“It’s a really bad choice of location,” says attorney Michael Hiller who represents the opposition activist group Save Manhattan Valley (SMV), which he says has had over 1,700 people sign its petition against the plan. Hiller previously led the successful effort to stop developers from converting First Church of Christ, Scientist into condos.
For months, Save Manhattan Valley co-founder Meryl Zegarek says, the debate has been wrongly framed as people versus parking. “What has been overlooked and not reported are the severe, adverse environmental impacts threatened by this project.”
SMV commissioned its own impact study (expected to be released soon) and says the properties at issue are contaminated with asbestos, lead and other chemicals. They say construction dust would release ambient particulates endangering residents, especially students attending Booker T. Washington Middle School (MS 54) across the street.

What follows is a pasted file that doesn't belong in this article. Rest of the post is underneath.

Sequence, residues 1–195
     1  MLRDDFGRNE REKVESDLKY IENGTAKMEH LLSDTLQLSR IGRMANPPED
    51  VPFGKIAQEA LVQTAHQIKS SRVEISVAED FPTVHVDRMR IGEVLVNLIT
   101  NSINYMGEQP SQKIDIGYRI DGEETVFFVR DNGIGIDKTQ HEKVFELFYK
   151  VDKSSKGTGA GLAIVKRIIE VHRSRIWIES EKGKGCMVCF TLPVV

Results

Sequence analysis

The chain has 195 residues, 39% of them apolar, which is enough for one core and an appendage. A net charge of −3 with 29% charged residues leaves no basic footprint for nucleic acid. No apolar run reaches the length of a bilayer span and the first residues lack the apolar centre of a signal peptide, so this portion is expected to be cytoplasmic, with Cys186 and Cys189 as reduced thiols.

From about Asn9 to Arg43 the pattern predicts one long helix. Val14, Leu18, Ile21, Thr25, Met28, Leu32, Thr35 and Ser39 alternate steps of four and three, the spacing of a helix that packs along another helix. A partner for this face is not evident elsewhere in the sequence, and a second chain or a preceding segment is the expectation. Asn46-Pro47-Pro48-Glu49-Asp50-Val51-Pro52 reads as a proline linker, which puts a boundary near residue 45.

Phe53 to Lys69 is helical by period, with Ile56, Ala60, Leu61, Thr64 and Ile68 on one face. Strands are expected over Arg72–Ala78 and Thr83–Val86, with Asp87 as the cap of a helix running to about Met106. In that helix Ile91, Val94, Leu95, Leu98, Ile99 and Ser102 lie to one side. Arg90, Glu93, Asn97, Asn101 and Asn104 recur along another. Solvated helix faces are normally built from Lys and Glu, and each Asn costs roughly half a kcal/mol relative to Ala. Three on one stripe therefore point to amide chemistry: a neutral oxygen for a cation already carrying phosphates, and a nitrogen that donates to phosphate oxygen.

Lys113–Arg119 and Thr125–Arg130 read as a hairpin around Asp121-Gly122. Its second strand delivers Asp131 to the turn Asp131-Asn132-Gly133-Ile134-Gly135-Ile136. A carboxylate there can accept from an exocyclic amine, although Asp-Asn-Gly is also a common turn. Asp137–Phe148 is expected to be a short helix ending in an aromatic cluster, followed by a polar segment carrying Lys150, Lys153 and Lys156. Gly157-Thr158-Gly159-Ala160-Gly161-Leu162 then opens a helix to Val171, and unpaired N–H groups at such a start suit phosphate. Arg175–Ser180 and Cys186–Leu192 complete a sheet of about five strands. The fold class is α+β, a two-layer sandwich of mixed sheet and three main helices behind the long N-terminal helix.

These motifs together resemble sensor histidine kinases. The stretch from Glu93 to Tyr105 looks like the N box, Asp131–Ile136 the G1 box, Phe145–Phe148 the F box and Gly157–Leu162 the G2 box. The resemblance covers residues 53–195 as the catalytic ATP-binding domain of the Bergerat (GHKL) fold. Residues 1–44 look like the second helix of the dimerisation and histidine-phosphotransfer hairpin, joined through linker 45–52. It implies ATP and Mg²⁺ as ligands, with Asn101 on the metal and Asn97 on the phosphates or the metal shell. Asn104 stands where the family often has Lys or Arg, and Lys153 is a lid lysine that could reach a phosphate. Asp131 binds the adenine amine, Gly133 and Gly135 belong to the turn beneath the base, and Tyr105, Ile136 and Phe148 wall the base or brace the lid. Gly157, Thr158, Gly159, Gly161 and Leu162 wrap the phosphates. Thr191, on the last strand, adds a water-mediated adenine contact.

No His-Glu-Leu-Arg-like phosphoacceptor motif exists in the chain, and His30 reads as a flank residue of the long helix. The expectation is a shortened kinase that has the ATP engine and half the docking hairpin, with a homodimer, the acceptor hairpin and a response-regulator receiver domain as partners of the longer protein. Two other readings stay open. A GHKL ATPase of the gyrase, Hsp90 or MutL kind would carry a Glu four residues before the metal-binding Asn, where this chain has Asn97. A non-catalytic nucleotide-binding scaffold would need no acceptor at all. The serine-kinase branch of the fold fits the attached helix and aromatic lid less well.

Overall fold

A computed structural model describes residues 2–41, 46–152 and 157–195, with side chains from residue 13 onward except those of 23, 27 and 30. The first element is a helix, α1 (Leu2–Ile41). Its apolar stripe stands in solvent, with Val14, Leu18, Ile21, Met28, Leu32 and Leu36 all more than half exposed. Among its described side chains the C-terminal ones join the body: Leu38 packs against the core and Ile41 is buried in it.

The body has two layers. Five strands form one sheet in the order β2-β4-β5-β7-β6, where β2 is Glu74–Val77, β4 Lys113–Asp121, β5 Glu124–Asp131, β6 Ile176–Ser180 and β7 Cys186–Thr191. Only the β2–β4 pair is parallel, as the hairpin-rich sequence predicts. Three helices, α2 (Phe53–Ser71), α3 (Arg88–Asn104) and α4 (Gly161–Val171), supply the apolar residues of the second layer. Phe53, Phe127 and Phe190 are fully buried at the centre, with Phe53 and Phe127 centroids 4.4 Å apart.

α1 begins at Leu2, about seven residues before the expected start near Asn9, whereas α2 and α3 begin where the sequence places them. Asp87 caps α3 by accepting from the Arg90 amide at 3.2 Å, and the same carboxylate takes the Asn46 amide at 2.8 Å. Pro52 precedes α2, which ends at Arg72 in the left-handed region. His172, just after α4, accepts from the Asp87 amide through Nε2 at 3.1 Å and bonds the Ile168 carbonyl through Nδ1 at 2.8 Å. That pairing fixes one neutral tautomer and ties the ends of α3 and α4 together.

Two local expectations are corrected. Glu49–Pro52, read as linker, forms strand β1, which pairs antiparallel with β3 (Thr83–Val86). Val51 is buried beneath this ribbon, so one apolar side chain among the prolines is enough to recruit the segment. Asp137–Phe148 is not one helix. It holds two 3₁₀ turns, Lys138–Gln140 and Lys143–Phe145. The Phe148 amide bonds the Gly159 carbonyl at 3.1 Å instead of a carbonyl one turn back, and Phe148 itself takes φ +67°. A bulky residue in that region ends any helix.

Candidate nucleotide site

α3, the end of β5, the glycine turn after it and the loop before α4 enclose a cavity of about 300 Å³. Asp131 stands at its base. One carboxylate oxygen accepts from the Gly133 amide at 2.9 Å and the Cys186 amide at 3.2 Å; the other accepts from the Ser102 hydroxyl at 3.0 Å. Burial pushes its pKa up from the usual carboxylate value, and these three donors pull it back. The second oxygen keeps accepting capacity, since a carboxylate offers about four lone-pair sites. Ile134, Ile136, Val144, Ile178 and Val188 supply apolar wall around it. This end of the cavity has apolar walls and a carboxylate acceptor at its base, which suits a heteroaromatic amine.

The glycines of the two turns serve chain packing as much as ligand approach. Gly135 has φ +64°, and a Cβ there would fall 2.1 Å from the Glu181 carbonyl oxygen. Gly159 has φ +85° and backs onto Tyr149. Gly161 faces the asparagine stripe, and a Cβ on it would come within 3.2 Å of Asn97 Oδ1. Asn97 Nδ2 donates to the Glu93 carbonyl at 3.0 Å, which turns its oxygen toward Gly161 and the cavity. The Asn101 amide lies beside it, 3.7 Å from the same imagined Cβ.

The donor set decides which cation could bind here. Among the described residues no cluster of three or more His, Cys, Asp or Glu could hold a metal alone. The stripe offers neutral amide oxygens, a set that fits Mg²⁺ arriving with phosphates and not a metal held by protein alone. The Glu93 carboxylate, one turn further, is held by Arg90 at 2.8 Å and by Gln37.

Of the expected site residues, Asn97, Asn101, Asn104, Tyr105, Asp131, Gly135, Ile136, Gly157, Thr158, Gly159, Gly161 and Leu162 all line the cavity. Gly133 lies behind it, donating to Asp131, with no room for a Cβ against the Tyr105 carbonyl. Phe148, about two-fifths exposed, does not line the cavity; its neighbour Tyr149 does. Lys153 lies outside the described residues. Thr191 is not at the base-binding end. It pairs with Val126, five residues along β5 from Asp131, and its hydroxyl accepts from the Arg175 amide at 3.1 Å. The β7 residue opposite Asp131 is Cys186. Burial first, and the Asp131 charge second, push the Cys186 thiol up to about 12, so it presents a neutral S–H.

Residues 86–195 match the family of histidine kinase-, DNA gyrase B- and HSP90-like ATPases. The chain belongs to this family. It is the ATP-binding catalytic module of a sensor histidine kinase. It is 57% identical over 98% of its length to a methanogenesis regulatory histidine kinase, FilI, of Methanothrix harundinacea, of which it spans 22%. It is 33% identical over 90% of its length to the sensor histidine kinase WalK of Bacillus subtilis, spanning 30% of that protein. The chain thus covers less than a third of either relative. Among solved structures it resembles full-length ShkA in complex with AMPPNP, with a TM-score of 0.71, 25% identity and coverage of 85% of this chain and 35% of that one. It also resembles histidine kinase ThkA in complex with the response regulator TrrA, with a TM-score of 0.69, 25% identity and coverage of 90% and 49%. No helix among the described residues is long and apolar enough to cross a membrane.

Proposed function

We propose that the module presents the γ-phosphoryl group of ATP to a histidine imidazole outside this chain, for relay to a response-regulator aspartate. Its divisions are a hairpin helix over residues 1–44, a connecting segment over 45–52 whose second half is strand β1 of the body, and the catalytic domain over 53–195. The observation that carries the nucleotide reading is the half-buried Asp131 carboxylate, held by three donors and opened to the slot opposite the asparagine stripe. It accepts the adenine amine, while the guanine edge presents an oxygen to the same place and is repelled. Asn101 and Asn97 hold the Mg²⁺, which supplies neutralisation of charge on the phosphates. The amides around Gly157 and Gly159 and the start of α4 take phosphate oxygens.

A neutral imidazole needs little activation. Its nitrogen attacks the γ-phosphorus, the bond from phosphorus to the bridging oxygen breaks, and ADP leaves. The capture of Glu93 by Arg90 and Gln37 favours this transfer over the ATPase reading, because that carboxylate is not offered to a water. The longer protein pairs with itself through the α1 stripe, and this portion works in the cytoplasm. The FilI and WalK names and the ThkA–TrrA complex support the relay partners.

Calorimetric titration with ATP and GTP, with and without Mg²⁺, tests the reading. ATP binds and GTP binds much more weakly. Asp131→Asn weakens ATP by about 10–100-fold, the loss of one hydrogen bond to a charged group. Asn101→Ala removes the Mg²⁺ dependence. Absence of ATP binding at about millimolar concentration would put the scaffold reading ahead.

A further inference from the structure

Freitag says proponents are conducting their own environmental study as part of ULURP and will release its findings in the spring. In any case, “We will make sure demolition and construction are done in a safe manner. Hazardous materials can be contained and not endanger the community. Such materials are contained all the time.”
Zegarek says their firm’s study also found “severe shadow impacts” across MS 54’s play spaces and the Anabil Aviles Playground just east of the proposed building.
WSFSSH’s shadow study refutes this, says Freitag.“We’re building on the north side of the block…and will not cast any shadows on [MS 54’s] ball fields on the south side of West 108th.” As for the Avilas playground, the proposed building’s graduated architecture – it steps down to six stories – means that any forthcoming shadows would be similar to the ones currently cast by the garage.
Though SMV says preservation of parking isn’t their primary issue, they say elimination of at least 550 spaces will have an adverse impact on the neighborhood. Zegarek says locals should expect increased traffic congestion, emissions and crashes as frustrated motorists endlessly circle the blocks seeking spots.
Councilman Mark Levine shares that concern. “While I support the goal of expanding affordable housing in the neighborhood, I’m not yet ready to support this plan until we better understand how an additional 500 cars on the street will be addressed.”